Police said they quickly determined that Tanner, who has worked for the organization since 2008, had used the company's funds for personal use.

According to the affidavit, Tanner fabricated a financial ledger that indicates the checks were written to veterans or NVSF clients. However, police said Tanner made the checks out to herself and family members.

Tanner also made seven electronic payments for her car loans totaling $3,379.47, according to court documents. Police said Tanner used the agency credit cards for personal expenses, such as airfare, vacations and Internet purchases.

Police found that all of the suspect ledger memos were actual NVSF clients who had received assistance from the NVSF during the last seven years, according to the affidavit. However, the actual checks indicate that she made them out to herself or family members.

In 2013, Tanner wrote 16 checks to her 23-year-old daughter totaling $42,525, according to court documents. She also wrote 17 checks to her 25-year-old son totaling $19,925, according to court documents.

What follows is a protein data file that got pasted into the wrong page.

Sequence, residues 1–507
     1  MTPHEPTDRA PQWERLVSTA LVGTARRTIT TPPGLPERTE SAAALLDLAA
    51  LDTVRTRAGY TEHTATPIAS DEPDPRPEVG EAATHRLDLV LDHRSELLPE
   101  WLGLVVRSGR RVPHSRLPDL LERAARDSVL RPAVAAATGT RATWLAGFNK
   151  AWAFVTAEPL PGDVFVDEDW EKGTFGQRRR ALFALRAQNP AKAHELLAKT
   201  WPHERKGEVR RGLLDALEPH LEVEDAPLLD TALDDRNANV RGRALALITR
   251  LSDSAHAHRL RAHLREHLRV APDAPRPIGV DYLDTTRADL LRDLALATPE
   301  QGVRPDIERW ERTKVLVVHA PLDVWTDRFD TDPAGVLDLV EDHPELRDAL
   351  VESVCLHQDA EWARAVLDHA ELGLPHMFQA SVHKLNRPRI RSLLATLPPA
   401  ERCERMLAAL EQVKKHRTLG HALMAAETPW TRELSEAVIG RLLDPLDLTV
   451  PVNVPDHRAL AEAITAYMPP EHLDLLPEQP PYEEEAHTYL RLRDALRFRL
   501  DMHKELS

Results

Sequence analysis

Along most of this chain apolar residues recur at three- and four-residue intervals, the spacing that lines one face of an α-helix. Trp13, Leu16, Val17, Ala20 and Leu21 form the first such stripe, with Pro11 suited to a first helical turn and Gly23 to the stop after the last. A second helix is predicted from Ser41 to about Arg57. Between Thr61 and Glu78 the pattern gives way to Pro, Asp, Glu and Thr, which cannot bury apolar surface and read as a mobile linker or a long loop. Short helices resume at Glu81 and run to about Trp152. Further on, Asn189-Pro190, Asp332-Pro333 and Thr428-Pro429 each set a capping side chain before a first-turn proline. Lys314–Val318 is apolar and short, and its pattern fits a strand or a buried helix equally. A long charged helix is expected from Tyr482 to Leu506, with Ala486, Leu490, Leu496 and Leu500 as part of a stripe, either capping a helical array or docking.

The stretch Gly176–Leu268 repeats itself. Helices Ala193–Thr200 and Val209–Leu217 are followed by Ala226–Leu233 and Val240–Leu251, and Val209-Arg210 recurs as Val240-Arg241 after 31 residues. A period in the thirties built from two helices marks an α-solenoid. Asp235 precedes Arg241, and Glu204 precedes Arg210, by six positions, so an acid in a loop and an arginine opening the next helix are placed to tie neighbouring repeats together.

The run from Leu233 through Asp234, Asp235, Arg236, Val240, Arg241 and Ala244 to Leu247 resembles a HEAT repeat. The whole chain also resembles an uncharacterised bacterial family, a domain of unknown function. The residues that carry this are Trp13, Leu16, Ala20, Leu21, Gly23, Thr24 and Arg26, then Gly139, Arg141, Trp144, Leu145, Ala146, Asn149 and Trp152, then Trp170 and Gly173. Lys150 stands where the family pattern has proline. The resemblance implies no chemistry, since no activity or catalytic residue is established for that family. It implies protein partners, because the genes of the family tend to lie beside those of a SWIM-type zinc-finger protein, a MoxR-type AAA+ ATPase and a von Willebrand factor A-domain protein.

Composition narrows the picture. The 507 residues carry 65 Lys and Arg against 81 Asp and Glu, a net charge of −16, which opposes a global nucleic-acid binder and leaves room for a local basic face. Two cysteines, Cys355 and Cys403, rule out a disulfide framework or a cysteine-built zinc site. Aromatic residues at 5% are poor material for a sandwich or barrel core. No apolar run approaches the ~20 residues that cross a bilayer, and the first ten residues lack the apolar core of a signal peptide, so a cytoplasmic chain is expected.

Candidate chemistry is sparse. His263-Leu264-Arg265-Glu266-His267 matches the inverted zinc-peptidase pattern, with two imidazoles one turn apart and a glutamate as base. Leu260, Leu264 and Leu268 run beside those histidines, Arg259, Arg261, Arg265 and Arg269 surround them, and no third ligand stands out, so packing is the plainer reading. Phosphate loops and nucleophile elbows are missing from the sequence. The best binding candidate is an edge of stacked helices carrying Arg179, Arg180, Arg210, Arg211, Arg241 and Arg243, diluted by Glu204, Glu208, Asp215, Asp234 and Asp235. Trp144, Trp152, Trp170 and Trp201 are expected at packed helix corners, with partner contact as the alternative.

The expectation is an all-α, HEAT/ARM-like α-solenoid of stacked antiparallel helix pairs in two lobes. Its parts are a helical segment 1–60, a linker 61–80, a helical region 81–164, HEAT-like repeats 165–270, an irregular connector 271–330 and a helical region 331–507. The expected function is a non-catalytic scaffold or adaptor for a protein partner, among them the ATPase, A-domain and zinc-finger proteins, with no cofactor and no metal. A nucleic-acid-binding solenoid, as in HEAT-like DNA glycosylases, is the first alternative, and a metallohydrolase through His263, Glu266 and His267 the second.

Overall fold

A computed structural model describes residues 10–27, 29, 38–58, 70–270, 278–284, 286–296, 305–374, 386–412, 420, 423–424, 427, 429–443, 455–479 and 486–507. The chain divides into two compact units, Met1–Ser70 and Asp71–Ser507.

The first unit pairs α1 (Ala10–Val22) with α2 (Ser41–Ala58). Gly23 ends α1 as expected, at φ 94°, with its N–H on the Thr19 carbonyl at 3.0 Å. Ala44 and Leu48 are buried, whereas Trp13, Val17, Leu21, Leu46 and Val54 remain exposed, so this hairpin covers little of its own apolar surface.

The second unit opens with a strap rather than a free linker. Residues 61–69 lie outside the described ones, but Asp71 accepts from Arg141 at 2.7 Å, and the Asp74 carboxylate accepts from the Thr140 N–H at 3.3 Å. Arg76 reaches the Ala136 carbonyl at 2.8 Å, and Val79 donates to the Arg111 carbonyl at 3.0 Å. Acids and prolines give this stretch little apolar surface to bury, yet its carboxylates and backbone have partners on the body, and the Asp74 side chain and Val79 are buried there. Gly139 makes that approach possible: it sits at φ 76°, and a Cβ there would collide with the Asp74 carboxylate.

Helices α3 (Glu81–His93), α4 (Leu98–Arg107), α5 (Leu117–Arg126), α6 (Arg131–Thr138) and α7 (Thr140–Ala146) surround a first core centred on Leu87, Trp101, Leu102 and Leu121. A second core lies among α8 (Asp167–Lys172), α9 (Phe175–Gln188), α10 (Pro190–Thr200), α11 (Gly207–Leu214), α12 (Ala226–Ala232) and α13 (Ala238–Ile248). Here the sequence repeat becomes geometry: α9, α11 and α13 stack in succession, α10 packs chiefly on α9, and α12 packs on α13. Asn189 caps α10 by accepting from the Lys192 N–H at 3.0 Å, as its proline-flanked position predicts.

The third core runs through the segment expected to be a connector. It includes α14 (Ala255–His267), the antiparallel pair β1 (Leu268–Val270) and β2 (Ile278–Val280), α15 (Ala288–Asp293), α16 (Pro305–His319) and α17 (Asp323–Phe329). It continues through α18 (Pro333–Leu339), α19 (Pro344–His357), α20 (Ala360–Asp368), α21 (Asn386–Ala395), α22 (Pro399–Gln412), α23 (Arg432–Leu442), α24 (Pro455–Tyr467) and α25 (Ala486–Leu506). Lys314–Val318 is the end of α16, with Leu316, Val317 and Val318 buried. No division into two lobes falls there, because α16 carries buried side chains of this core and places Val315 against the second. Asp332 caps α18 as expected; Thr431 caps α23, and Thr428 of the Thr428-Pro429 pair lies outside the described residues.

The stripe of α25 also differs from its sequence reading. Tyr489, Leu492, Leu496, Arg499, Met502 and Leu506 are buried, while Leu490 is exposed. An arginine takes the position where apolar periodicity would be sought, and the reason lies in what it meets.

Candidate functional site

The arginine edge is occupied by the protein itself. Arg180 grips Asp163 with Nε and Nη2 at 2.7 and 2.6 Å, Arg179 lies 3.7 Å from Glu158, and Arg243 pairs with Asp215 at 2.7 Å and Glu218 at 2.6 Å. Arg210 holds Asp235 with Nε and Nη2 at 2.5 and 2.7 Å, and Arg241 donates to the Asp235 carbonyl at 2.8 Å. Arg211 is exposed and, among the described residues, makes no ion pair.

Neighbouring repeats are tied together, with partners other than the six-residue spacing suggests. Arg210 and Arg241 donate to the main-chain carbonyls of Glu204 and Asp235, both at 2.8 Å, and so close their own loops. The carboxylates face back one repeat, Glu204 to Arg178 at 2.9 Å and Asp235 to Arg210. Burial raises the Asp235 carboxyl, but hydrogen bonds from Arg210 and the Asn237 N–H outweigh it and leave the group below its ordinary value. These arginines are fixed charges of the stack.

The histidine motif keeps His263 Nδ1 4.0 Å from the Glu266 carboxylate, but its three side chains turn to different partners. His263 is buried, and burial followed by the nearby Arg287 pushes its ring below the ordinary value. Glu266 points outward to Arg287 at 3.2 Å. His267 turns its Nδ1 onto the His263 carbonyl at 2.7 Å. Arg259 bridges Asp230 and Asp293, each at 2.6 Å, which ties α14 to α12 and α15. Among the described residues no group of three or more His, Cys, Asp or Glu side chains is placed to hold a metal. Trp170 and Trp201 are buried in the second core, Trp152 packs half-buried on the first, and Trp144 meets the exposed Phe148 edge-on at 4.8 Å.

Tanner told police that she took advances from the charity but would pay them back by deducting it from her monthly paycheck, court records show.

"Tanner admitted that sometimes she would forget (to deduct the money), but claimed she was surprised by the totals," according to the affidavit. "Tanner also claimed her children were under the impression that she was deducting the funds given to them from her paycheck."

Tanner told police that she forgets things because of a head injury in 2011 and brain surgery. However, when police told her they knew checks were written prior to her head injury, she became quiet, according to the affidavit.